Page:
David Corpus was still a teenager in Houston when he decided he wanted a career in banking.
The youngest of six siblings, he grew up with much love and support from a mother who worked as a grocery store cashier and a father who was a truck-body manufacturer. His parents often stressed the importance of a college degree, and his father would take him to work on the weekends to give him a close-up look at blue-collar work, and eventually Corpus began to set his long-term sights on an executive position in finance. He would go on to spend more than three decades getting there, and now that he’s a senior vice president for CommunityBank of Texas, he’s helping the company support local populations while mentoring other aspiring bankers as they work to find their own way up the ranks.
As a teenager, Corpus realized there were two obstacles to his dream: he needed a formal education and the appropriate skill set. Not wanting to burden his parents with his college tuition, Corpus decided he would get an entry-level job in banking and pay for it himself, so he worked at a supermarket during high school to get the cash-handling experience needed to become a teller.
After high school, he applied to about ten banks in the Houston area, but it was just prior to the oil bust and the savings and loan (S&L) crisis of the mid-1980s and early 1990s. Only one bank called him, twenty-five miles from his house. Corpus went to college at night and on weekends, and over the course of ten years, he steadily chipped away at his undergraduate degree. After that, he entered and completed a two-year MBA program, spending his evenings teaching business courses at Houston Community College as an adjunct instructor while still working full-time at the bank.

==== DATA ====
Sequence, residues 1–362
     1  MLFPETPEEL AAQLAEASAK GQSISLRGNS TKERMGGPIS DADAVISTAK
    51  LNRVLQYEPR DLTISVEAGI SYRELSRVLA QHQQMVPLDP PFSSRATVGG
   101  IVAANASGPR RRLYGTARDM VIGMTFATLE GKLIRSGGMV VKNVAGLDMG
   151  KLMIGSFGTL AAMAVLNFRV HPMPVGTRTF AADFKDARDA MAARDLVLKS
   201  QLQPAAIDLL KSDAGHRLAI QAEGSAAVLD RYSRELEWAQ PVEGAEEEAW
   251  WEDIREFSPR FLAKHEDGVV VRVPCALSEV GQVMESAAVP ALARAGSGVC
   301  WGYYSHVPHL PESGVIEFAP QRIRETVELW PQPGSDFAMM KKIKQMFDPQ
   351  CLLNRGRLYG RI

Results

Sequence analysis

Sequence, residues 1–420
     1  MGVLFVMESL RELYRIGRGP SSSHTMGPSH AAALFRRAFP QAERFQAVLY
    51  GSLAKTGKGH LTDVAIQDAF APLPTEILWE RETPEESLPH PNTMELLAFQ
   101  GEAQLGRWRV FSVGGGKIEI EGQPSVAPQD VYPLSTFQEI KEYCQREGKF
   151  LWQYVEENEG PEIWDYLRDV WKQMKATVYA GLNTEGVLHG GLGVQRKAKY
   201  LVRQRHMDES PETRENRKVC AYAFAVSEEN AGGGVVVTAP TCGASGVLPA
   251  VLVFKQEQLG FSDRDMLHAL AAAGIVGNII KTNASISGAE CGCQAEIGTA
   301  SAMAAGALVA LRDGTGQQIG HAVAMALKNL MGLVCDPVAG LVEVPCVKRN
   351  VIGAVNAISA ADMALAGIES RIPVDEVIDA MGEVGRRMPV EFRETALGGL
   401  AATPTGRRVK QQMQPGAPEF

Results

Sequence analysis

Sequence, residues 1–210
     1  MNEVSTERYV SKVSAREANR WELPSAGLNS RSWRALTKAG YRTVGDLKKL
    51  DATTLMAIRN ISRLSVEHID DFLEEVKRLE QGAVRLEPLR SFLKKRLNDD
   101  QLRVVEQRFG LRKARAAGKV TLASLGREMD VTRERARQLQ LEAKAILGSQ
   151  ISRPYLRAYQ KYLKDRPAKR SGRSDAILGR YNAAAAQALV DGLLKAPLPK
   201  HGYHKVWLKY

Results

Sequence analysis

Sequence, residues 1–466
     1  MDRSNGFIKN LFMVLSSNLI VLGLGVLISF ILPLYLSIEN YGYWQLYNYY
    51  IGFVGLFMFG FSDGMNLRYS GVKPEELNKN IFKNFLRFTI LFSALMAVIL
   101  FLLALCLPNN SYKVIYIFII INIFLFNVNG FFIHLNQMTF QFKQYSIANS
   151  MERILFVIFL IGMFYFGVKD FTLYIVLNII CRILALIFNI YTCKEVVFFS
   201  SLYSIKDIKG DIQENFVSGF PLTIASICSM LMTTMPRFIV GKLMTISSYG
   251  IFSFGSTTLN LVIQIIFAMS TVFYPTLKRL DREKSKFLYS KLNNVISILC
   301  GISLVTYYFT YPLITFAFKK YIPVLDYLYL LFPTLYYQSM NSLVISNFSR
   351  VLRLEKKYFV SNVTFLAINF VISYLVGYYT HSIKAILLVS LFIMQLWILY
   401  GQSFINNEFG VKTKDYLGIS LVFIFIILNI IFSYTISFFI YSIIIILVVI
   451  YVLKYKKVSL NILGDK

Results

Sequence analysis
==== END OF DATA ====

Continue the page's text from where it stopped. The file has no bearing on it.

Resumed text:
For those first thirteen years of his career, he worked for a small bank that had one branch and $75 million in assets. Because the bank had good credit quality and liquidity, it would get calls from banking regulators who asked if it wanted to buy banks and S&Ls that were at risk of failing during the crisis. Corpus got firsthand experience learning the importance of due diligence when making acquisitions.
“It exposed me to both the credit and operations side of banking that I wouldn’t have been exposed to,” he says. “I was working with men and women that were ten to thirty years older than me. I was actually living and working in what is now part of business textbooks that are read by college students today.”
By 1998, Corpus’s small bank had grown to twenty-six locations and $1.3 billion in assets. It sold out to a large corporate bank, and Corpus signed on at another small bank with the task of helping it grow. With Corpus’ assistance, the bank’s owner, Dane Grant—who Corpus considers his primary mentor and still meets for lunch—grew the bank to two-and-a-half times the size it had been when Corpus joined. Once it was profitable, he sold it, and Corpus continued with the acquiring bank for five more years.